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14. Sensitivity Analysis and Recommendations
In this lesson, we perform a sensitivity analysis to help us decide which party is getting the better deal from the proposed merger. The sensitivity analysis will incorporate price, funding mix and synergy realization.
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Lesson Goal (00:04)
The goal of this lesson is to create several sensitivity analyses to study the proposed deal.
Analyzing the Deal (00:12)
In our proposed deal, the projections show the combined company would significantly reduce its debt balance in the coming years, maintain a strong cash balance, and see significant growth in earnings per share. In reality, this proposed deal is unrealistic. The transaction significantly undervalues the target company. As a result, we can expect them to reject the acquirer’s offer, forcing the acquirer to make a higher bid. We want to use several sensitivity analyses to study the impact of increasing the bid price on the deal.
Sensitivity for Price and Debt Ratio (00:56)
We create a sensitivity analysis showing the impact on earnings per share of adjusting the target share price and the percentage of debt in the deal. This shows that the earnings per share are higher when the target share price is lower. When the share price is higher, the acquirer is diluted more because the target company shareholders are receiving a larger amount. As a result, the earnings per share are reduced.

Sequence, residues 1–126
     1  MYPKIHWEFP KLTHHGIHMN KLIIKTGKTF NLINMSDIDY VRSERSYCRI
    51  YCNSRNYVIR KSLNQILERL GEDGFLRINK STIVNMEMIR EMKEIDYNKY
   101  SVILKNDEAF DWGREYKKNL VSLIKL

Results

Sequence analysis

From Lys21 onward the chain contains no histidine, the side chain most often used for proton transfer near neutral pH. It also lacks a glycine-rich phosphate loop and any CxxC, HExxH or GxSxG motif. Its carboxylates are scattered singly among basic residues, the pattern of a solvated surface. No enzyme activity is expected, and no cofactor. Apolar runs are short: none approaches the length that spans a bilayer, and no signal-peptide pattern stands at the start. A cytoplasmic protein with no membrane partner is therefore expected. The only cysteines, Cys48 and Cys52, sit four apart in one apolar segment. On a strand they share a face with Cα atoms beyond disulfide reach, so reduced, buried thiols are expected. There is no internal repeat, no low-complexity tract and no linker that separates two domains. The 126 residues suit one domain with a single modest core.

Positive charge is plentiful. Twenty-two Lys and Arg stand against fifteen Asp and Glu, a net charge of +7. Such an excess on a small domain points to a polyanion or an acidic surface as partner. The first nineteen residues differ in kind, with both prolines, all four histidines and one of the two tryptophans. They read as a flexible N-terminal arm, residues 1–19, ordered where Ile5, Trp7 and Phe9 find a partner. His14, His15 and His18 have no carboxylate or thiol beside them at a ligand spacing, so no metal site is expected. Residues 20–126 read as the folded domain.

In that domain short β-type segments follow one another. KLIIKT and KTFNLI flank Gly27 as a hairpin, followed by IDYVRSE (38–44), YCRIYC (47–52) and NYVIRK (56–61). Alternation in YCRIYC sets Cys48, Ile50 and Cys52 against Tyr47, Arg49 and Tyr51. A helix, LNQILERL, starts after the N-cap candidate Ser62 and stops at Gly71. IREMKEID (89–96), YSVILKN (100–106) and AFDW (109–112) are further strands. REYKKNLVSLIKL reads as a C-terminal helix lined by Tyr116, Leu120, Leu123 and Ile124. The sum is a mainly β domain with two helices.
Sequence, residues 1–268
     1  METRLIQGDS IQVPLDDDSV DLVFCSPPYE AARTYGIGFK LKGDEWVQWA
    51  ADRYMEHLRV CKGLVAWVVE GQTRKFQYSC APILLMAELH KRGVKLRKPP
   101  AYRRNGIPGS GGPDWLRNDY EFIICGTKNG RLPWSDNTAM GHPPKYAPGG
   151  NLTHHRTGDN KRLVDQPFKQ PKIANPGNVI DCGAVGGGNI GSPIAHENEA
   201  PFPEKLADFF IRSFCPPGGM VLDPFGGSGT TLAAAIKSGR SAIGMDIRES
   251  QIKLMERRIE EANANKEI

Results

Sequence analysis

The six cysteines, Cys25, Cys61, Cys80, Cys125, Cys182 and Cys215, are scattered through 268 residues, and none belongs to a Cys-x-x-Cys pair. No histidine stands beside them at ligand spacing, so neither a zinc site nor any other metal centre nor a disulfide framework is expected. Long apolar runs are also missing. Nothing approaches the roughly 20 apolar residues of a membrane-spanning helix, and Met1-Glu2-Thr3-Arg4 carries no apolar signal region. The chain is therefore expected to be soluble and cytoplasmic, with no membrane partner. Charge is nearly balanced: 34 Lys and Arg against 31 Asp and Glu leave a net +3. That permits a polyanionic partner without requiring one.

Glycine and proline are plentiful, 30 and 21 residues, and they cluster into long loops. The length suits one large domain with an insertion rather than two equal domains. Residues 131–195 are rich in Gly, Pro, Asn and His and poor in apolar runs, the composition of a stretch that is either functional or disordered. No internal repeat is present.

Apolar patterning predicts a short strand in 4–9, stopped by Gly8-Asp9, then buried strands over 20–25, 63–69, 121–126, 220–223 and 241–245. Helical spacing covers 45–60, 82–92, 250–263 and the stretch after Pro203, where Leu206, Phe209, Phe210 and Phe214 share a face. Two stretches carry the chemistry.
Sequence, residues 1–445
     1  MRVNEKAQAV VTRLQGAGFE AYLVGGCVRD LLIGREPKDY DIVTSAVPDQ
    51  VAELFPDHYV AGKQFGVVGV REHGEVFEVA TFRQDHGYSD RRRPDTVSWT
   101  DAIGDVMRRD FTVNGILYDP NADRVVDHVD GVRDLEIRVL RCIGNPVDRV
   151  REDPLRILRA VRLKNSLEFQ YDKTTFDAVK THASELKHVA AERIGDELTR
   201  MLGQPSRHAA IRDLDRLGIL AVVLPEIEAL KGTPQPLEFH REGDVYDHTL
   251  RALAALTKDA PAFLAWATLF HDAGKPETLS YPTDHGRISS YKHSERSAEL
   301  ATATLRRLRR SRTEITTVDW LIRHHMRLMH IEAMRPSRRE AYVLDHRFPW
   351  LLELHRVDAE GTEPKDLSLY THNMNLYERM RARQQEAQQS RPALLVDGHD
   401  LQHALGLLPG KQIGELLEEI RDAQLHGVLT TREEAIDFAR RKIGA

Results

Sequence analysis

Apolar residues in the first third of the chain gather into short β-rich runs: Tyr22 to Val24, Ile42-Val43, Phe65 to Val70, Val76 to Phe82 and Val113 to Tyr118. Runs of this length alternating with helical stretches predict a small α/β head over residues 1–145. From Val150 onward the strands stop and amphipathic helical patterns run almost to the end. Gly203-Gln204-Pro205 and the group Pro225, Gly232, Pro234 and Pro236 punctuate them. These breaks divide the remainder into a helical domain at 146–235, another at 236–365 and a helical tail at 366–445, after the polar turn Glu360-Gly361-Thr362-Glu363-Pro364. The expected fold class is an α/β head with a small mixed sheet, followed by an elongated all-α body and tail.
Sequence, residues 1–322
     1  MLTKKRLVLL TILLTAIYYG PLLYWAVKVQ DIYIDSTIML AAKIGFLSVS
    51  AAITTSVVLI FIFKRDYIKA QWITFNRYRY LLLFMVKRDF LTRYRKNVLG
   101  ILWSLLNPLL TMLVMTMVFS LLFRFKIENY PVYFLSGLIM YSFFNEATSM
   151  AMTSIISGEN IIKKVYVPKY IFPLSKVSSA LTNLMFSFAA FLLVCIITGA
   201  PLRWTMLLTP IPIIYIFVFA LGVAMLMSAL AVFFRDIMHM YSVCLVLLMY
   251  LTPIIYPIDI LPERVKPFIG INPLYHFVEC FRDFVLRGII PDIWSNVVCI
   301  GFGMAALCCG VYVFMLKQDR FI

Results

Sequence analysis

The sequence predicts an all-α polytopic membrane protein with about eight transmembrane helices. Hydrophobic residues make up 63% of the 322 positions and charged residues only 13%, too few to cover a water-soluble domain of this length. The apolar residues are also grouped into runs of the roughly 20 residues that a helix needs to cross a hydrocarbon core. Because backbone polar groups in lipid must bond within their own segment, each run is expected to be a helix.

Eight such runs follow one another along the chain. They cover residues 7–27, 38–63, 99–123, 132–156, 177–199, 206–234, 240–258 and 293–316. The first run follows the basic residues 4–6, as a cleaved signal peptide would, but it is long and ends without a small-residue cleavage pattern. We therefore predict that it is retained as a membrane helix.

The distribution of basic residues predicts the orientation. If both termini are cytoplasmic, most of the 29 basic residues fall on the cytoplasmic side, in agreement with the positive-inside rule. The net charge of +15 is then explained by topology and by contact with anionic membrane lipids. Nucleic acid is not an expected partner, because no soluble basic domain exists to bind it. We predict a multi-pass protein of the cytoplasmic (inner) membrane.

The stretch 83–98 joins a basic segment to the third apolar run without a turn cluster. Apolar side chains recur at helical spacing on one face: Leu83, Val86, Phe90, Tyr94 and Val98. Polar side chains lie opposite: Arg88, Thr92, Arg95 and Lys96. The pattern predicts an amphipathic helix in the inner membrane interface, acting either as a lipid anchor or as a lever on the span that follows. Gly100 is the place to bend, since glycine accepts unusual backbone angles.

The sensitivity analysis also shows us that earnings per share are higher when the percentage of debt in the deal is higher. This is because a higher share of debt means that less new equity is issued, reducing the impact of dilution on the deal.
Sensitivity for Price and Synergies Realized (02:24)
Our second sensitivity analysis studies the impact on earnings per share of adjusting the target share price and the percentage of synergies realized. Before creating this sensitivity analysis, we create a transaction assumption for the percentage of synergies realized. In our model, we multiple all the synergy items in the combined Income Statement by this percentage.
After creating our sensitivity analysis, we see that a higher percentage of synergies increases Earnings per Share, but the Earnings per Share are still reasonable even if only 60% of synergies are realized. This suggests that synergies are not critically important to the success of this particular transaction.
In the previous lesson, we calculated the debt balance and the cash balance for the business over the next five years. And as you can see, the debt balance is incredibly low, given its initial starting point and our cash balance still stays at 200 million. All of this is achieved while the earnings per share increases dramatically, 65.7% over the five years.
As a consequence, it looks like this is an excellent deal for shirt shop. But conversely, pretty bad deal for Trouser Town's shareholders, who should be able to extract a lot more cash from earning potential buyer. In most acquisitions, it's not uncommon for a number of bids to be made before a company is actually purchased. And it's highly likely in this case that Trouser Town would hold out for a better deal. And so in this lesson, I'm going to create some sensitivity analysis that shows a higher price than the $67.90 currently bid to see what level of accretion and dilution we would get in 2021 for these different sensitivities. In addition I'm going to plot these sensitivities for different depth percentages of total funding and also different percentages of total synergies realized.